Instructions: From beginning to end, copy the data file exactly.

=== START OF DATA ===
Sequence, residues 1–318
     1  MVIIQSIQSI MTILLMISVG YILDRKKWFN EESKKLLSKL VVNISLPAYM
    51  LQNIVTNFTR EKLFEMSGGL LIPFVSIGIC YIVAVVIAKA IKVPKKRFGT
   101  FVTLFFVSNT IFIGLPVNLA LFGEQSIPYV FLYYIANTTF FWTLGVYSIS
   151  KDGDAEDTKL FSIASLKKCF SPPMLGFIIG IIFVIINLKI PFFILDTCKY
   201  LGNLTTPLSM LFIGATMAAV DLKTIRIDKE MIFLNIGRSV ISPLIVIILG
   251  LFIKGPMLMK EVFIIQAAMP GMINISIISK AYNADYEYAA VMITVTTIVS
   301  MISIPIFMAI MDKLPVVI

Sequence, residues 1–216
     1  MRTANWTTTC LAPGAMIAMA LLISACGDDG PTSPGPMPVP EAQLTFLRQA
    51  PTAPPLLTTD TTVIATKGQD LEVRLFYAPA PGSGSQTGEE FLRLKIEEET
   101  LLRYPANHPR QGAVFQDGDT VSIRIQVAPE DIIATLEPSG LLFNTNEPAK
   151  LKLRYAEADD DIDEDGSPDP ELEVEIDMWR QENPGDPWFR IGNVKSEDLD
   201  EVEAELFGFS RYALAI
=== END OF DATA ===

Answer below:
Sequence, residues 1–318
     1  MVIIQSIQSI MTILLMISVG YILDRKKWFN EESKKLLSKL VVNISLPAYM
    51  LQNIVTNFTR EKLFEMSGGL LIPFVSIGIC YIVAVVIAKA IKVPKKRFGT
   101  FVTLFFVSNT IFIGLPVNLA LFGEQSIPYV FLYYIANTTF FWTLGVYSIS
   151  KDGDAEDTKL FSIASLKKCF SPPMLGFIIG IIFVIINLKI PFFILDTCKY
   201  LGNLTTPLSM LFIGATMAAV DLKTIRIDKE MIFLNIGRSV ISPLIVIILG
   251  LFIKGPMLMK EVFIIQAAMP GMINISIISK AYNADYEYAA VMITVTTIVS
   301  MISIPIFMAI MDKLPVVI

Sequence, residues 1–216
     1  MRTANWTTTC LAPGAMIAMA LLISACGDDG PTSPGPMPVP EAQLTFLRQA
    51  PTAPPLLTTD TTVIATKGQD LEVRLFYAPA PGSGSQTGEE FLRLKIEEET
   101  LLRYPANHPR QGAVFQDGDT VSIRIQVAPE DIIATLEPSG LLFNTNEPAK
   151  LKLRYAEADD DIDEDGSPDP ELEVEIDMWR QENPGDPWFR IGNVKSEDLD
   201  EVEAELFGFS RYALAI